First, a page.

For those who are unfortunate enough to suffer from sleep paralysis, a whole range of terrifying, humanoid hallucinations can appear. One of the most common, are “Static People” as illustrated by a sufferer above. When sleep paralysis occurs, you cannot move or speak, making it impossible to scream out for help. It is recommended that you DO NOT open your eyes, as seeing these scary figures can send you into a frenzied panic that both physically and mentally exhausts you.

Chapter I: The Arrival

A sharp ringing echoed in his ears as he sat upright. Blurred vision coupled with a dull grogginess provided an absence of sensation to him while he attempted observed his surroundings. Vague shapes and beams of light slowly came into focus, and by the time Marcel could see he was in the backseat of a car, the pain in his chest began to sting. 

He pulled up his shirt, and looked at his abdomen, devoid of any markings or bruises. Confused, and understandably startled, Marcel ran his hands through his hair. Not a single strand was out of place. He wasn’t disheveled or unkempt. There was no smell of booze or weed. The only thing he could sense was the absence of any noise. He looked out of the car window, only to see a fog-laden gate, covered in a tanglement of brown, dead vines. 

“Hey…” he muttered, massaging his aching temples. “I must have passed out. Where are…” It was then he noticed the emptiness of the car. There was no driver. No passengers. The car was pristine, the beige leather interior didn’t even have so much as a scuff mark. A glance at the fuel gauge dampened any thought of escape, as the small rod sat locked on empty. 

The peculiarity of the situation settled in, as Marcel grew more concerned with his current predicament. He racked his brain, trying desperately to grasp onto any shred of memory that could explain where he was. The effort was fruitless. Deep breaths became short, shallow breaths, increasing in speed. His shaking hand shot into his pocket, grabbing a hold of the small cylindrical container within. He pulled it out and swallowed the two small white pills, waiting only seconds for them to comfort him. With his fears suppressed, and feeling comfortably numb, Marcel gathered up his strength and opened the car door.

The air was thick, and cold to the touch. Fog shrouded the imposing wrought iron gates, the swirls and intricacies of the craftsmanship were lost in blurred chaos. Marcel approached with caution, weary of his decreased ability to see what hid in the shadows. While the main gates were shut tightly, wrapped in thick chains and a rusty padlock, the side entrance sat wide open. He pushed the smaller iron door open, and began to walk down the blurred gravel road.

A dense forest of unidentifiable trees surrounded the road on either side, creating a canopy of dark leaves, cutting off any sight of the sky. Marcel shuddered at the feeling of eyes watching him from all sides, hoards of silent killers hiding in the mist. However, after years of practice and performance, he sustained his bravado, appearing to anyone or anything watching to be completely unphased.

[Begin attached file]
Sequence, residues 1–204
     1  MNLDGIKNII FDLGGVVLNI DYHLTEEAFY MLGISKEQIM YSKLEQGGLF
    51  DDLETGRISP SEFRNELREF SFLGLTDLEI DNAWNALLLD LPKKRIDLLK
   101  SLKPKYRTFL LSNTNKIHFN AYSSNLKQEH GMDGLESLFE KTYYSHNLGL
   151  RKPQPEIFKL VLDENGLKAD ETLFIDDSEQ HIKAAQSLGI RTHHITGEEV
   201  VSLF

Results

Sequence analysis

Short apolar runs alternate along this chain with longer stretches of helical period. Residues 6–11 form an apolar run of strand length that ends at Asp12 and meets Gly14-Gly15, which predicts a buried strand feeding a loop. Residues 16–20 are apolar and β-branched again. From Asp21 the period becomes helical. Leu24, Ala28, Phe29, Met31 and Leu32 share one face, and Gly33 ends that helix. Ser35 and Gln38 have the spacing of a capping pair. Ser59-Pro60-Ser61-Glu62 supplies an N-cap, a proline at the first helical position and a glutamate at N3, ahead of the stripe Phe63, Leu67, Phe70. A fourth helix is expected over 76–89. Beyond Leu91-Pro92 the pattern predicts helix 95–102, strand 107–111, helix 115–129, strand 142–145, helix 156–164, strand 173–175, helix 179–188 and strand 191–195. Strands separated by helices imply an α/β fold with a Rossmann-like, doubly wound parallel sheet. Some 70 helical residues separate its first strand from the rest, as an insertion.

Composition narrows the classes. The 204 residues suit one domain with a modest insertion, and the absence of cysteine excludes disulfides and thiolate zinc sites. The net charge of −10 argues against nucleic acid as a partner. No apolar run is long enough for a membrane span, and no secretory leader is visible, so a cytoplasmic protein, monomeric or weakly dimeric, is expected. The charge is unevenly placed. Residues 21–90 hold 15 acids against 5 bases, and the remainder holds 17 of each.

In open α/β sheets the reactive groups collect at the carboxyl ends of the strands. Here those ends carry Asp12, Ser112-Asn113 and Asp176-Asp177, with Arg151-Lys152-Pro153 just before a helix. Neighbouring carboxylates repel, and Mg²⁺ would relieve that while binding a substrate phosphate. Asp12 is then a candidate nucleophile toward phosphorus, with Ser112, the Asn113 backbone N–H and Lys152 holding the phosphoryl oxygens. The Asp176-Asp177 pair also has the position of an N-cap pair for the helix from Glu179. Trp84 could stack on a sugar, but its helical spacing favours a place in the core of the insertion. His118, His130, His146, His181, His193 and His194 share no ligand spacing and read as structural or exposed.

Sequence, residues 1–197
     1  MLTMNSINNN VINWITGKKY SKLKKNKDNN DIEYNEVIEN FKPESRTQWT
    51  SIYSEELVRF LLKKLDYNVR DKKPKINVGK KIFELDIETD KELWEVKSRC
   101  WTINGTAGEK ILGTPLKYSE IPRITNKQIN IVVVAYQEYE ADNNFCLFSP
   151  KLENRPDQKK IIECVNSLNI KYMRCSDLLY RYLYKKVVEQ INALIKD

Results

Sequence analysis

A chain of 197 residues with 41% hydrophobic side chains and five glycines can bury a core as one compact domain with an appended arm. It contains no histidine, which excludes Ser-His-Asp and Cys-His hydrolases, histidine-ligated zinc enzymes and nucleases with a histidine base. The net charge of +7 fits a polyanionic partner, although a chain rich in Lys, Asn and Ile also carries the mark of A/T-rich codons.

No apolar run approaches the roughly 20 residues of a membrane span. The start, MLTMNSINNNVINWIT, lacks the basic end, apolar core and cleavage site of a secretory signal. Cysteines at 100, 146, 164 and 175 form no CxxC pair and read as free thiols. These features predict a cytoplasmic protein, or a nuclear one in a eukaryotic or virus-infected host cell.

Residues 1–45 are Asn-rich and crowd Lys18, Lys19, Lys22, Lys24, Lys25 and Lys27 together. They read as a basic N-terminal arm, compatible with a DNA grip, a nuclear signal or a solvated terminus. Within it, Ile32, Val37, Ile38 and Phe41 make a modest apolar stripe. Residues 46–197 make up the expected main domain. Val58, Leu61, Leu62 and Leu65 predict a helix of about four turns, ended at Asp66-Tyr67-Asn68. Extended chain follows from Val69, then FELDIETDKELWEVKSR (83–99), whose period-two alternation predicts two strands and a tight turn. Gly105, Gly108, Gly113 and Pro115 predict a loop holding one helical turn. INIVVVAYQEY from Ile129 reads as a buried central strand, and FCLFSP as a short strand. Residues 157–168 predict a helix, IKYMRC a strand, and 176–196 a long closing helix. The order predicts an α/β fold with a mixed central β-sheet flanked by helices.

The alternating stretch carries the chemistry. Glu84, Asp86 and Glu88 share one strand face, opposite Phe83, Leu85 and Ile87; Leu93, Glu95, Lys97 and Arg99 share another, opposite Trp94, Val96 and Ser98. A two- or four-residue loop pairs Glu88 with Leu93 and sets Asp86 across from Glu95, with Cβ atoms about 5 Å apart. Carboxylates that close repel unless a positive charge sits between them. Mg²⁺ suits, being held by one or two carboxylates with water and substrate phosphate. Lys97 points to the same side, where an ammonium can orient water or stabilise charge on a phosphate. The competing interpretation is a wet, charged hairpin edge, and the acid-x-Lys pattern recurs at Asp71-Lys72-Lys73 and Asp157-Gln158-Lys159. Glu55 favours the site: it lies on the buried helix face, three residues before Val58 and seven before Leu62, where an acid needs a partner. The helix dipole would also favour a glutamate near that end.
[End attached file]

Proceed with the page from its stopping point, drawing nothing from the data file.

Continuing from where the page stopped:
The road continued for what seemed like hours, as it twisted and turned through winding hills and hairpin turns, until the trees gave way to a clearing in the distance. Marcel stood transfixed on the sight before him, staring in awe. 

It was a house: a spectacular sepulchre of marble and glass looming over the unkempt gardens. The magnificent structure emanated a startling sensation of unease and foreboding, as if the very soul of the house was now watching him as a bird of prey. The forest seemed more welcoming now, and the thought of returning to the derelict car sat heavy in Marcel’s mind. Though, be it a strange magnetism or the human necessity for shelter, he began to walk toward the mansion.

The road winded around overgrown boxwoods and ruined fountains, past crumbling statues and roseless bushes. A sound finally met Marcel as the subtle creaking of the house was audible even from outside. With every breath, the house seemed to draw Marcel in, until he stood astute at the doorstep. 

Marcel reached out and pressed the ivory doorbell. The house responded, screaming with ear-piercing bells ringing in announcement to his expected presence. Moments passed, each growing in tension and weight, until the heavy mahogany doors slowly creaked open.

The dim light of a oil lamp gave the much anticipated illumination that Marcel desperately desired, and introduced the visage of a middle aged man. He loomed significantly taller than Marcel, with long, spidery arms grasping the crystal lamp. He had kind eyes, sunken into his weather-beaten face, long bereft of pleasantries. The man spoke almost in a whisper, just loud enough to be heard.

“Mr. Albemarle. We had expected you at sundown. Are you quite alright?”

“I’m sorry, I think my car broke down by your gates… You were expecting me?”  The man furrowed his brow in bewilderment.

“Of course we were expecting you. Marcel Albemarle, am I correct in assuming?” Marcel was perplexed. He had never seen this place before, let alone received an invitation. He had no memory of this man, who clearly recognized him.

“I mean, yes. I am Marcel Albemarle.”

“Well then, if you are Marcel Albemarle, then you are expected here at Hollowsmoor this evening. Please, won’t you come in?” For a solitary moment, Marcel considered running away- an unfamiliar concept to him, but an option with rapidly growing promise. Yet, for the second time since he’d arrived, Marcel was drawn to the mystery and intrigue. He took a step forward, and entered the house.